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dc.contributor.authorKaranja, Njeri
dc.contributor.authorLancaster, Kristie J.
dc.contributor.authorVollmer, William M.
dc.contributor.authorLin, Pao-Hwa
dc.contributor.authorMost, Marlene M.
dc.contributor.authorArd, Jamy D.
dc.contributor.authorSwain, Janis F.
dc.contributor.authorSacks, Frank Martin
dc.contributor.authorObarzanek, Eva
dc.date.accessioned2017-01-25T18:48:53Z
dc.date.issued2007
dc.identifier.citationKaranja, Njeri, Kristie J. Lancaster, William M. Vollmer, Pao-Hwa Lin, Marlene M. Most, Jamy D. Ard, Janis F. Swain, Frank M. Sacks, and Eva Obarzanek. 2007. “Acceptability of Sodium-Reduced Research Diets, Including the Dietary Approaches to Stop Hypertension Diet, Among Adults with Prehypertension and Stage 1 Hypertension.” Journal of the American Dietetic Association 107 (9) (September): 1530–1538. doi:10.1016/j.jada.2007.06.013.en_US
dc.identifier.issn0002-8223en_US
dc.identifier.urihttp://nrs.harvard.edu/urn-3:HUL.InstRepos:30085348
dc.description.abstractObjective Examine the acceptability of sodium-reduced research diets. Design Randomized crossover trial of three sodium levels for 30 days each among participants randomly assigned to one of two dietary patterns. Participants/setting Three hundred fifty-four adults with prehypertension or stage 1 hypertension who were participants in the Dietary Approaches to Stop Hypertension (DASH-Sodium) outpatient feeding trial. Intervention Participants received their assigned diet (control or DASH, rich in fruits, vegetables, and low-fat dairy products), each at three levels of sodium (higher, intermediate, and lower) corresponding to 3,500, 2,300, and 1,200 mg/day (150, 100, and 50 mmol/day) per 2,100 kcal. Main outcome measures Nine-item questionnaire on liking and willingness to continue the assigned diet and its level of saltiness using a nine-point scale, ranging from one to nine. Statistical analyses performed Generalized estimating equations to test participant ratings as a function of sodium level and diet while adjusting for site, feeding cohort, carryover effects, and ratings during run-in. Results Overall, participants rated the saltiness of the intermediate level sodium as most acceptable (DASH group: 5.5 for intermediate vs 4.5 and 4.4 for higher and lower sodium; control group: 5.7 for intermediate vs 4.9 and 4.7 for higher and lower sodium) and rated liking and willing to continue the DASH diet more than the control diet by about one point (ratings range from 5.6 to 6.6 for DASH diet and 5.2 to 6.1 for control diet). Small race differences were observed in sodium and diet acceptability. Conclusions Both the intermediate and lower sodium levels of each diet are at least as acceptable as the higher sodium level in persons with or at risk for hypertension.en_US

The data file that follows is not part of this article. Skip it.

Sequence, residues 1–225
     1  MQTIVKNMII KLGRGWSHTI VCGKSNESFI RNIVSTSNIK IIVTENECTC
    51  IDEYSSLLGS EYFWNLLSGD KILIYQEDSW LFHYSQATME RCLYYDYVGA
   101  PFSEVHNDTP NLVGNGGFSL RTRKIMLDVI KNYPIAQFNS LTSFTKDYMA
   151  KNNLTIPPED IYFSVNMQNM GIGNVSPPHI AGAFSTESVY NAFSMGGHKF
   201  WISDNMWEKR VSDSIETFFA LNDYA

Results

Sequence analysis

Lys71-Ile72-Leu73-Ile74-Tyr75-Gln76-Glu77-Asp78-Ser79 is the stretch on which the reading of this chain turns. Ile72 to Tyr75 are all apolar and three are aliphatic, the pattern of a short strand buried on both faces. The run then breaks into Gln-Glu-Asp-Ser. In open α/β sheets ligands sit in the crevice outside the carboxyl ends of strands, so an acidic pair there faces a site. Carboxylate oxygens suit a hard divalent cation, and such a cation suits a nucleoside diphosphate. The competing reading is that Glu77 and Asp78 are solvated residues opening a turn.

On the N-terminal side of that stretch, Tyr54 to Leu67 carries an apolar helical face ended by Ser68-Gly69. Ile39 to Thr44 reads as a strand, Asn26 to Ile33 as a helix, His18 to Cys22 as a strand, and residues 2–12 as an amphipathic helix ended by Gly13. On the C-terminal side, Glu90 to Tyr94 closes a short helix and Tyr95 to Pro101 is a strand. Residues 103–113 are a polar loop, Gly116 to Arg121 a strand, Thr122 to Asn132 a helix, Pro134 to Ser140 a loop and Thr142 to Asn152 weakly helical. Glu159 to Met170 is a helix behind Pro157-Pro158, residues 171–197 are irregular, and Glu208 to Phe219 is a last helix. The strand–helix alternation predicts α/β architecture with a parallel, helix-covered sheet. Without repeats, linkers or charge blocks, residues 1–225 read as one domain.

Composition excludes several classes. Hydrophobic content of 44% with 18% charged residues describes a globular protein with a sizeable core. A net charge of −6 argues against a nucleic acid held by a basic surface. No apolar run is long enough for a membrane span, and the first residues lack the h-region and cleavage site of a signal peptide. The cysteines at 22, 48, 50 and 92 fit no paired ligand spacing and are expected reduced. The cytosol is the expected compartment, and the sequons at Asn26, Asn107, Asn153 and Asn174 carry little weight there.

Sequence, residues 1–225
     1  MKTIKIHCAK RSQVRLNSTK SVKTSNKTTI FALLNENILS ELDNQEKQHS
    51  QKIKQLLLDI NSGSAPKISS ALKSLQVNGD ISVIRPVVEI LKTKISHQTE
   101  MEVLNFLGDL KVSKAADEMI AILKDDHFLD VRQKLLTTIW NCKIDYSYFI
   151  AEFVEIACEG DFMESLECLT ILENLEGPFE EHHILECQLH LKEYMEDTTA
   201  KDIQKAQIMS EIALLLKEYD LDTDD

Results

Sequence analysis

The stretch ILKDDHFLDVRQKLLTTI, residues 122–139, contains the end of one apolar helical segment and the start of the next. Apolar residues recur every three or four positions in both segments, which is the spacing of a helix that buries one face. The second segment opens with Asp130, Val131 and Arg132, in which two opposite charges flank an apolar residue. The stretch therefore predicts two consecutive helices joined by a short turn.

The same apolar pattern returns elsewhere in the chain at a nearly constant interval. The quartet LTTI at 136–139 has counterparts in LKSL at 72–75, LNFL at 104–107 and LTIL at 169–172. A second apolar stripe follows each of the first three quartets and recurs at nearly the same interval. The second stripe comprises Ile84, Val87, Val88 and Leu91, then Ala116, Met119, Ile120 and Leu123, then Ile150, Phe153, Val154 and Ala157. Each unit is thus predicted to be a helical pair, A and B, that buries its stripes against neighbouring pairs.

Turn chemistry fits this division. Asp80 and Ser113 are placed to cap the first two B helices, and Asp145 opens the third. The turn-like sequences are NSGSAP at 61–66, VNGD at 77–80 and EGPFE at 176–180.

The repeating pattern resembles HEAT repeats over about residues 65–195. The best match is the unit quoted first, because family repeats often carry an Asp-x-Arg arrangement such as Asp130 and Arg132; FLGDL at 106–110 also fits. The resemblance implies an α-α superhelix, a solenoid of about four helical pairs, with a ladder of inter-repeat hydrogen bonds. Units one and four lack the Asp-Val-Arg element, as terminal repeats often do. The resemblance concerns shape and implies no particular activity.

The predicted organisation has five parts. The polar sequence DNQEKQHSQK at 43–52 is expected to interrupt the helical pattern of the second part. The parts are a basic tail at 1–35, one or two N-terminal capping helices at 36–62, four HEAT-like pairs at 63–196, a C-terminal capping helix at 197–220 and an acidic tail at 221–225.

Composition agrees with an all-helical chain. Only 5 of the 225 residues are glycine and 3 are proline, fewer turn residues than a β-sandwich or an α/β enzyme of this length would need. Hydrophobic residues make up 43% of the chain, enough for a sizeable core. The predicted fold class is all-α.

dc.language.isoen_USen_US
dc.publisherElsevier BVen_US
dc.relation.isversionofdoi:10.1016/j.jada.2007.06.013en_US
dc.relation.hasversionhttps://www.ncbi.nlm.nih.gov/pmc/articles/PMC3219218/en_US
dash.licenseLAA
dc.titleAcceptability of Sodium-Reduced Research Diets, Including the Dietary Approaches to Stop Hypertension Diet, among Adults with Prehypertension and Stage 1 Hypertensionen_US
dc.typeJournal Articleen_US
dc.description.versionAccepted Manuscripten_US
dc.relation.journalJournal of the American Dietetic Associationen_US
dash.depositing.authorSacks, Frank Martin
dc.date.available2017-01-25T18:48:53Z
dc.identifier.doi10.1016/j.jada.2007.06.013*
dash.contributor.affiliatedSacks, Frank


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